• Problem of "false happiness" -- discrepancies such as Robert's (also Happy Frank) -- adaptive unconscious might be part of the explanation -- interesting that we can go wrong in this way. mood propensity or dispositional happiness.
  • Can you also be happy and not know it?
  • The Haybron discussion also gets at the idea of superficial vs. deep happiness. Ricard, or the sage, presumably have it.

Gilbert, Chapter 2: The View from in Here

  • Twins: Lroi and Reba. How to assess their preference?
  • Objectivity Issues: emotional, moral, judgement happiness.
  • How can the twins be happy? What is the role of "objective conditions"?
  • Subjectivity of Yellow, 32. Nozick's experience machine, 35. Happy Frank, p. 37. (Perhaps goal of this analysis is to see that normal understanding of happiness includes life happiness, virtues, and perfective activities.)
  • 40: How similar are two people's experience of happiness? How would you know?
  • problem: we don't compare experiences, we compare memories of experiences.
  • Describer's study on memory of color swatch, 41. What do we access when we make happiness judgements?
  • How reliable is our judgement from one minute to the next?
  • Interviewer substitution studies Daniel Simon's Lab: [2]. Other perceptual aspects, 43-44.
  • Conclusion: 44-45: read. Not so much about how bad we are at noticing change, but how, if we aren't paying attention, memory kicks in.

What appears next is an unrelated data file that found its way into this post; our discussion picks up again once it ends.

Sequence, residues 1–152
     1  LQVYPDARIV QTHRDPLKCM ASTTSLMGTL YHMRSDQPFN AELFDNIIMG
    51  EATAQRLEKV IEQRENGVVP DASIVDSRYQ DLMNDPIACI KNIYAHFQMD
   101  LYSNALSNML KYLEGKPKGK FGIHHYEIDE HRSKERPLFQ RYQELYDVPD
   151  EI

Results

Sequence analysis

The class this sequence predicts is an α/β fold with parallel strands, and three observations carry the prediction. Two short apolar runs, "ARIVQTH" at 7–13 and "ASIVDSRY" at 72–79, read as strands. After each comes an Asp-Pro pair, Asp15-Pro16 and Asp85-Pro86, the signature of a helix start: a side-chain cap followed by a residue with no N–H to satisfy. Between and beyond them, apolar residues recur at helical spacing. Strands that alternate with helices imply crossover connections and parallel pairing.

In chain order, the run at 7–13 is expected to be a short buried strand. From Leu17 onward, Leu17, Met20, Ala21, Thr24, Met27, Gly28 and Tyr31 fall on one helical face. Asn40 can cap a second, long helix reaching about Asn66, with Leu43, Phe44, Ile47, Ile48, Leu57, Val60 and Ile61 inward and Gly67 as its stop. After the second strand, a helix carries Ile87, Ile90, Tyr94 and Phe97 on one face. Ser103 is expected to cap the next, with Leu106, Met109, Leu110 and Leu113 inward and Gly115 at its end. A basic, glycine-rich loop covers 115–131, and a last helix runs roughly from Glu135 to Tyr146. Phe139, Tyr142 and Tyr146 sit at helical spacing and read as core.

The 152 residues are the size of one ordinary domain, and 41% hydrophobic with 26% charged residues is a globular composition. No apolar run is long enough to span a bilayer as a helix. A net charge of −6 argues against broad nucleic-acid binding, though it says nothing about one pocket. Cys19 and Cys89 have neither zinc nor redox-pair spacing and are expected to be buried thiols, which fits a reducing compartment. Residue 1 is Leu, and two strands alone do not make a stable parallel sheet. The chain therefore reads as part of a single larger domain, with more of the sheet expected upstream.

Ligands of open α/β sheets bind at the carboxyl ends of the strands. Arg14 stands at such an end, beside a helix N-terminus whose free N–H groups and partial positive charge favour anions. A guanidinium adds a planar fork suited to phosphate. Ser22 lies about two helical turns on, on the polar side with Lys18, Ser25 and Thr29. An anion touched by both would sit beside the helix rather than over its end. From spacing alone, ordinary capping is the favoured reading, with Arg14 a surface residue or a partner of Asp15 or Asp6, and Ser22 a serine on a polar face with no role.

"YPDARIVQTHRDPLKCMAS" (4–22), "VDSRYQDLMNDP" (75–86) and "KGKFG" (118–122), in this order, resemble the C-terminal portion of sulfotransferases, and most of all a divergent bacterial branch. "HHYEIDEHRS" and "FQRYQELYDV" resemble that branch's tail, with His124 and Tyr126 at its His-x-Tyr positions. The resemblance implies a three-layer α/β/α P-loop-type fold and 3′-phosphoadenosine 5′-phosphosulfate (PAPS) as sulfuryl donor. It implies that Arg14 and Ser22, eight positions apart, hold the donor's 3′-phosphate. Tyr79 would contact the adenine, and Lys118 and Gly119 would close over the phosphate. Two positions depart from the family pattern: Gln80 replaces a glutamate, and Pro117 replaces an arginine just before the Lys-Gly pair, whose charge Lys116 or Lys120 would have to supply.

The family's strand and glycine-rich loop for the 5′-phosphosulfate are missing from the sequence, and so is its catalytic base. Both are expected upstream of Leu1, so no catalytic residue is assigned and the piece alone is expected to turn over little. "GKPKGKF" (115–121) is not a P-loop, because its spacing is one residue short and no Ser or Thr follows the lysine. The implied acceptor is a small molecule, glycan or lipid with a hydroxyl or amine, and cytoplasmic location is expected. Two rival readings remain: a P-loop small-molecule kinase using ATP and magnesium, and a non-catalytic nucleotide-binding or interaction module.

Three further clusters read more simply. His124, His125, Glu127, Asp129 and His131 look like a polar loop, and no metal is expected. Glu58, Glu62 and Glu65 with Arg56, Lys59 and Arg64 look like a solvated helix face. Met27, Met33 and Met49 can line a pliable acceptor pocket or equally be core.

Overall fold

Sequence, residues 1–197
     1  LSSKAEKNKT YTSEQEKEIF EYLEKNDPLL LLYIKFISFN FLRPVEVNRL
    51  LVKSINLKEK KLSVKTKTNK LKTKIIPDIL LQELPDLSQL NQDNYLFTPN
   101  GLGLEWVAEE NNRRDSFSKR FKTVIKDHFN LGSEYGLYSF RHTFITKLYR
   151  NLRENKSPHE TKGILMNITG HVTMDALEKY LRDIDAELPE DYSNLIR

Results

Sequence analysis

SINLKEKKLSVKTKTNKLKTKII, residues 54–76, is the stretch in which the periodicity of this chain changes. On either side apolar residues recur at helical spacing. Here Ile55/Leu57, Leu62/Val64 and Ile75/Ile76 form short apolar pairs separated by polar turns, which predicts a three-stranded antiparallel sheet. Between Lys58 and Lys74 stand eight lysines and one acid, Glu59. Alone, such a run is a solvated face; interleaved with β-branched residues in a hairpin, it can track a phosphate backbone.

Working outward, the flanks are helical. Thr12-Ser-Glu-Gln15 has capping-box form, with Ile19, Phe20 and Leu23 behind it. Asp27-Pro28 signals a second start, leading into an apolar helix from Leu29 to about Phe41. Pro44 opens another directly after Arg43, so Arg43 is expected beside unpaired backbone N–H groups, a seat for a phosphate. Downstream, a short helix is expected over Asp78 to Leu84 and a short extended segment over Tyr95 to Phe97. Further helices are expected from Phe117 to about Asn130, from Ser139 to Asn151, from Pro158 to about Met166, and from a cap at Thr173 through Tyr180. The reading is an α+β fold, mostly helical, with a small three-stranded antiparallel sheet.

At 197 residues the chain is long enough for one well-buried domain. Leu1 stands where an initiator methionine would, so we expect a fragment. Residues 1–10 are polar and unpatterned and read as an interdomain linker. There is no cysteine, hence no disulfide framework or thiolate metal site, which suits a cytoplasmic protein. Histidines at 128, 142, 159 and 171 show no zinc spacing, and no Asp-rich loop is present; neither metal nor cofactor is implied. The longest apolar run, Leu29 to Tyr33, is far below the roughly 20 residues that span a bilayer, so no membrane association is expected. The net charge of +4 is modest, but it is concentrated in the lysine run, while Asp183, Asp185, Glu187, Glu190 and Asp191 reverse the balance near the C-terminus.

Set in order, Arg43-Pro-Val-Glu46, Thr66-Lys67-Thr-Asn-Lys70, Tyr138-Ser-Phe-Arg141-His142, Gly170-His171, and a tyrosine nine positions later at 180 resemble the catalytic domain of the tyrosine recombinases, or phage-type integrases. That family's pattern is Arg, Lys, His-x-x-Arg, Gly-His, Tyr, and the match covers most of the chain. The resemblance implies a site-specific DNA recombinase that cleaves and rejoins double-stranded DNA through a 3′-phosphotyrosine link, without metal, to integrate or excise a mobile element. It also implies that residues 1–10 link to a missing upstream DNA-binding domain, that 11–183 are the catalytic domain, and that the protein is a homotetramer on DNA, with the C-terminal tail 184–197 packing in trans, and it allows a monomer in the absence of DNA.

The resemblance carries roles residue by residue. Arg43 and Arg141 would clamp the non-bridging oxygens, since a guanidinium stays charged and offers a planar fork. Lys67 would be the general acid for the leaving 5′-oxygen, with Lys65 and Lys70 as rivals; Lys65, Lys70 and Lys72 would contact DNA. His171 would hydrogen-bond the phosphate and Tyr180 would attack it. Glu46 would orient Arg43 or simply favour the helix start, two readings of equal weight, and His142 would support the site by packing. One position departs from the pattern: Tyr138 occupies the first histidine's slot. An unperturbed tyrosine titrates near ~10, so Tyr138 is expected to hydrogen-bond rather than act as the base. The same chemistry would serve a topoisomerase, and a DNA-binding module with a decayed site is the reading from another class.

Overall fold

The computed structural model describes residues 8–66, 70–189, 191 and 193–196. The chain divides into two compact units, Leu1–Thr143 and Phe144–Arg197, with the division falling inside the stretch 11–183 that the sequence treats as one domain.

• Happiness scales
  • Language squishing and Experience stretching: Addresses the question: Does the range of my experience of happiness lead me to talk differently about an identical experience (of the cake) as someone else, or does it cause me to experience things differently? (Point about guitar experience (52) -- moving targets problem.)
  • Language squishing hyp: We "squeeze" our happiness scale (language) to fit the range of our objective exp.
  • R&L feel exactly like you do (about a birthday cake, for example) but talk about it differently.
  • consistent with the idea that the same feeling or state could receive a higher assessment by someone with limited experience.
  • Experience stretching hyp: We take the range of our objective experience and stretch it to fit our scale.
  • R&L talk about experiences the same as you do but feel something different.
  • consistent with the idea that someone is having a different experience because of their limited background.
  • maybe a rich background of experience (exotic experience, diverse or challenging experience, luxurious experience, experience of rarefied environments "ruins" mundane experience. In which case, absence of peak experiences is not a problem.
  • Drawing a conclusion: Our relationship to our judgements about happiness is changed by our experience of happiness and vice versa, creating a kind of ambiguity in intersubjective assessments of happiness. (Small group prompt: Finding examples of this claim in our experience, critically evaluating the claim itself.)

SEP 20

Philosophical Methods at Work

  • In our group discussion work, you will be asked to speculate and draw inferences from Haidt's discussion of the the nature of the brain.
  • With Gilbert, we are asking about the deeper implications of psychological research related to self-knowledge and capacities for self-awareness.